Leadership: The myth of the maverick
Does our love affair with mavericks – from Ronald Reagan to Steve Jobs – make sense?
Michael Austin illustration
It's presidential election time – which means Americans are, yet again, in the season of mavericks.
It has become a ritual of American elections for politicians to pretend as if they're anything but politicians, and polls suggest voters like them better when they believe that. But this isn't simply a political phenomenon. From business to medicine to technology, America loves a visionary outsider willing to follow a dream – and break a few rules, maybe even make a few sacrifices, on the way.
"There are some people who are wired differently to say, 'Hey, I've got this thing in my heart, this opportunity in my profession, and I'm going to shake things up,' " says Jason Atkinson, an entrepreneur-turned-Republican state senator in Oregon. "That leadership style is quintessentially American."
It's why, for example, the country collectively mourned Steve Jobs, the founder of Apple, who died Oct. 5. By many reports Mr. Jobs was a difficult man with a penchant for unorthodox ways of doing things, but his technological innovations changed the world – and won global loyalty. It's also why a B-movie star with strong political convictions and communication skills – Ronald Reagan – could rise to the presidency and drive an economic and foreign-policy revolution.
There are other mavericks, equally beloved if among smaller constituencies. Elizabeth Warren, a Harvard professor, earned a devoted enough following – even amid strong criticism – in pushing a national consumer protection agenda under President Obama that she's now a viable candidate for the US Senate. Howard Schultz may not claim a cultlike following among the masses, but his Starbucks institution does. And if John Fetterman is not a household name, his mayoral mission to revitalize his adopted community of Braddock, Pa., a notch on the American Rust Belt, is such a fundamentally American story of rebirth that the town appears in a Levi's commercial.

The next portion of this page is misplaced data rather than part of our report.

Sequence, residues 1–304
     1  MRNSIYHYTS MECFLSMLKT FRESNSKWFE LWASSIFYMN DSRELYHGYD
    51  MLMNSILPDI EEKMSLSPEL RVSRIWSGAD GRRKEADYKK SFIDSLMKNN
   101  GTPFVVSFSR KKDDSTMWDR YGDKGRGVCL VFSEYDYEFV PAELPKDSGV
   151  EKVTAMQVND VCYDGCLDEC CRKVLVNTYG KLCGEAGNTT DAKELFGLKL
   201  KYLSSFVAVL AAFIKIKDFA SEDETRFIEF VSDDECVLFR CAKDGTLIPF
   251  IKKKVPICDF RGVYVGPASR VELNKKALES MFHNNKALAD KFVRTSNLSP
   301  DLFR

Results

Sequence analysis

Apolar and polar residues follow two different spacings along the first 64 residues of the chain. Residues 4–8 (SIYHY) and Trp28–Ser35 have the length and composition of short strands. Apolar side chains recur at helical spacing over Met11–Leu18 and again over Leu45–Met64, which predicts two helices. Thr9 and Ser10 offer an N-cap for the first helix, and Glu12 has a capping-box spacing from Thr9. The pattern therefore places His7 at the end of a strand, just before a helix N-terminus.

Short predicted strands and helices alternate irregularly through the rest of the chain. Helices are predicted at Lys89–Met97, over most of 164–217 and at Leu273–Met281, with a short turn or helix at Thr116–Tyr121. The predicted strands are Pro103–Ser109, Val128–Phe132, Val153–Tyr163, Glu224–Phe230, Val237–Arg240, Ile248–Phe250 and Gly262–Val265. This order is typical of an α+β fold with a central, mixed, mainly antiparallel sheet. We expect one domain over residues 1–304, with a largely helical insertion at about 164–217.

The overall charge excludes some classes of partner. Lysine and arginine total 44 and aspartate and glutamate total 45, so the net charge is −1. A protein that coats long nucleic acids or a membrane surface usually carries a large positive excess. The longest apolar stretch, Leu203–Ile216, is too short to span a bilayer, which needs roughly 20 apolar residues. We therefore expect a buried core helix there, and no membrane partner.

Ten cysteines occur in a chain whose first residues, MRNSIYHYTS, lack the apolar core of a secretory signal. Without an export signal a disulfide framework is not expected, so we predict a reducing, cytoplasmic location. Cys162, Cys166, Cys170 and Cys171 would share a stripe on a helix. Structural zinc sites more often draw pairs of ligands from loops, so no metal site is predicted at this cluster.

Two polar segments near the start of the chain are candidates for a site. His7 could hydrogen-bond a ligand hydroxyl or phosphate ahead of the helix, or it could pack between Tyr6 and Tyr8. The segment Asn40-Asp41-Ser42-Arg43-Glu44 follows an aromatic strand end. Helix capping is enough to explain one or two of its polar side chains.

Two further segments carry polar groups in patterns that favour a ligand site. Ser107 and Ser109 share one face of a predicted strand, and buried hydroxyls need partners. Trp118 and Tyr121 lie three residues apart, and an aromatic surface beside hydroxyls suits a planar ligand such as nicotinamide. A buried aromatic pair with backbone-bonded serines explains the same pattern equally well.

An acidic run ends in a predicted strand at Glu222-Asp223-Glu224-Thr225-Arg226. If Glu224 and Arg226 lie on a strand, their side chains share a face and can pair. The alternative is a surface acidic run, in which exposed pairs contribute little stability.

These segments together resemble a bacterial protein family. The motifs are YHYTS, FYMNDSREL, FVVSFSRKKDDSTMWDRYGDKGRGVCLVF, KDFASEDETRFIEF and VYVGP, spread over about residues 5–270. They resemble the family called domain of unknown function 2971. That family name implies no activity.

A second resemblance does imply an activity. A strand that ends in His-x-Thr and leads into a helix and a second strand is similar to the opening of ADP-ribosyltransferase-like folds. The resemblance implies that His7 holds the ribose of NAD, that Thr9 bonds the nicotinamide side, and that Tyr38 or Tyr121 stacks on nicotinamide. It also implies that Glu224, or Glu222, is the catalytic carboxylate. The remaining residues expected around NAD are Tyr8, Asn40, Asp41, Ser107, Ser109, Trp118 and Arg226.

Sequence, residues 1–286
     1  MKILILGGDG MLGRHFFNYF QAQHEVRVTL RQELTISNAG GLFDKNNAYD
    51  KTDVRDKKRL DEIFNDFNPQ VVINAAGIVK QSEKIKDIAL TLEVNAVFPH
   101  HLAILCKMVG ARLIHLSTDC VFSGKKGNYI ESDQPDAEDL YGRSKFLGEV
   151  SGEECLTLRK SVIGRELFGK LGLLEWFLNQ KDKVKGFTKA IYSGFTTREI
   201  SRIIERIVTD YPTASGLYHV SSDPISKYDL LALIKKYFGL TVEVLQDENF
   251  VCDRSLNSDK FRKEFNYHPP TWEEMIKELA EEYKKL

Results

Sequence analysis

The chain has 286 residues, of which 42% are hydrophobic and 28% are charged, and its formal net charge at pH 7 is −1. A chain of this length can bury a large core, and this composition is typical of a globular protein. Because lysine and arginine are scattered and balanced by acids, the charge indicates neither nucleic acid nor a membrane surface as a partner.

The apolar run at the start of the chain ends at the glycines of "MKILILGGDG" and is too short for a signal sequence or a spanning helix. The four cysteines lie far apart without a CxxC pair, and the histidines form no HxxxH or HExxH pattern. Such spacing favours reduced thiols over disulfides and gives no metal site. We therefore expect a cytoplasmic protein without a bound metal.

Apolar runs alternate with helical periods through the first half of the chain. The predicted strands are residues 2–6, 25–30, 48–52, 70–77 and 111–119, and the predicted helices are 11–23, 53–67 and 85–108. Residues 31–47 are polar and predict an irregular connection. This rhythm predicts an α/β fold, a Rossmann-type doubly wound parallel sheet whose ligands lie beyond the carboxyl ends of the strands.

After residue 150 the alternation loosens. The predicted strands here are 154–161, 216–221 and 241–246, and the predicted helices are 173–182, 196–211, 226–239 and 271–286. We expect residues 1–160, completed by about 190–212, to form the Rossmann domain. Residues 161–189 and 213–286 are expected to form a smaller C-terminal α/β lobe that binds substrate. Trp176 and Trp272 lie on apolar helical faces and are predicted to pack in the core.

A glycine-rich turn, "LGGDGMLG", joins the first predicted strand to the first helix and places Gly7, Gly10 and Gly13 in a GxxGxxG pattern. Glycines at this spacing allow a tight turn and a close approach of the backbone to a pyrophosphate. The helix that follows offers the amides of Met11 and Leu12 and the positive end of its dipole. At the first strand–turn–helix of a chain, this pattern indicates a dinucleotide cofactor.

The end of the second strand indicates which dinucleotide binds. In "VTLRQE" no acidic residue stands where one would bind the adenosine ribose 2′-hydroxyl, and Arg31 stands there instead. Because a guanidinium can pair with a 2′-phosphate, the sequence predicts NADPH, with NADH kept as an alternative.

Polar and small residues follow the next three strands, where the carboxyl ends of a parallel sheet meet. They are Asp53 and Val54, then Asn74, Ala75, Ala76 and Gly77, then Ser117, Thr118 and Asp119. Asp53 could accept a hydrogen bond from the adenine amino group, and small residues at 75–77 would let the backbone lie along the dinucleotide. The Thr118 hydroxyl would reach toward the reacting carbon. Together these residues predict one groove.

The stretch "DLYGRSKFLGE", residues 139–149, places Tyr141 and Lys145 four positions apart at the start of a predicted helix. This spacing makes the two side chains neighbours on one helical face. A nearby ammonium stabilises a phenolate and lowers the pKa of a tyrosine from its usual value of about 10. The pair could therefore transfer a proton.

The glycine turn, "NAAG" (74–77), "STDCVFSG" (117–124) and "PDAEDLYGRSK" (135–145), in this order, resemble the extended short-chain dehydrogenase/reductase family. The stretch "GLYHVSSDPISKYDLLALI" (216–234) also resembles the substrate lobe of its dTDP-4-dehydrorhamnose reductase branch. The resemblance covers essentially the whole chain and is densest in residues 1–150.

But does our love affair with mavericks make sense? Are outsiders, or the unorthodox, really better at leading institutions made up of, well, insiders? Is it possible that one person alone can keep us on track, or chart the best path into the future?
"When you say the word 'maverick,' what probably gets conjured up for people ... is the cowboy, the John Wayne riding in on a horse and saving things," says Charles Palus, a manager at the Center for Creative Leadership (CCL) in Greensboro, N.C. "That is a myth. That is a fantasy."
Judging from the chattering classes and media memes, though, there is little interest in giving up the fantasy. We fall for the charismatic outsider who wants to rejuvenate wearied insiders, bringing charisma with fresh ideas and bold visions, whether in Silicon Valley or on Capitol Hill.
"We make sense of the world through the stories we tell. The way we construct individual narratives, and the national narrative allows us to see just one person, rather than the huge complexity that makes action happen. That's the biggest driver of the hagiography of individual leaders," says Cheryl Dorsey, president of Echoing Green, which funds budding social entrepreneurs with creative solutions to entrenched social problems.
We like swashbuckling confidence and rogue-going independence. We love the myth of the maverick. But should we follow it?
Vision vs. detail
There are at least two ways of thinking about mavericks. In one school of thought, they're visionaries, their minds too preoccupied with imagining the future to be bothered with things like budgets or memos, says Simon Sinek, a leadership consultant and author of "Start With Why: How Great Leaders Inspire Everyone to Take Action." In his view, mavericks aren't just out-siders. They are free or courageous or creative – or perhaps downright naive – enough to behave in unexpected ways. They "look to the future, to a world that does not exist yet, and put it into words so clearly that we can see that world as if it were our own vision," he says.
Vision, says Mr. Sinek, is what allows maverick leaders, eventually, to succeed – when we have the patience to let them. He points to Jobs, who founded Apple in 1976, left the company, and came back to revolutionize pocket electronics. Or to Scott Harrison, who in three years has built a multimillion-dollar nonprofit called "charity:water," which brings sustainable supplies of clean water to communities in developing countries. Or, reaching back in time, to John F. Kennedy and his commitment to land a man on the moon, announced in a 1961 address. "The moon landing was in 1969," Sinek says. "That is not a quarterly result."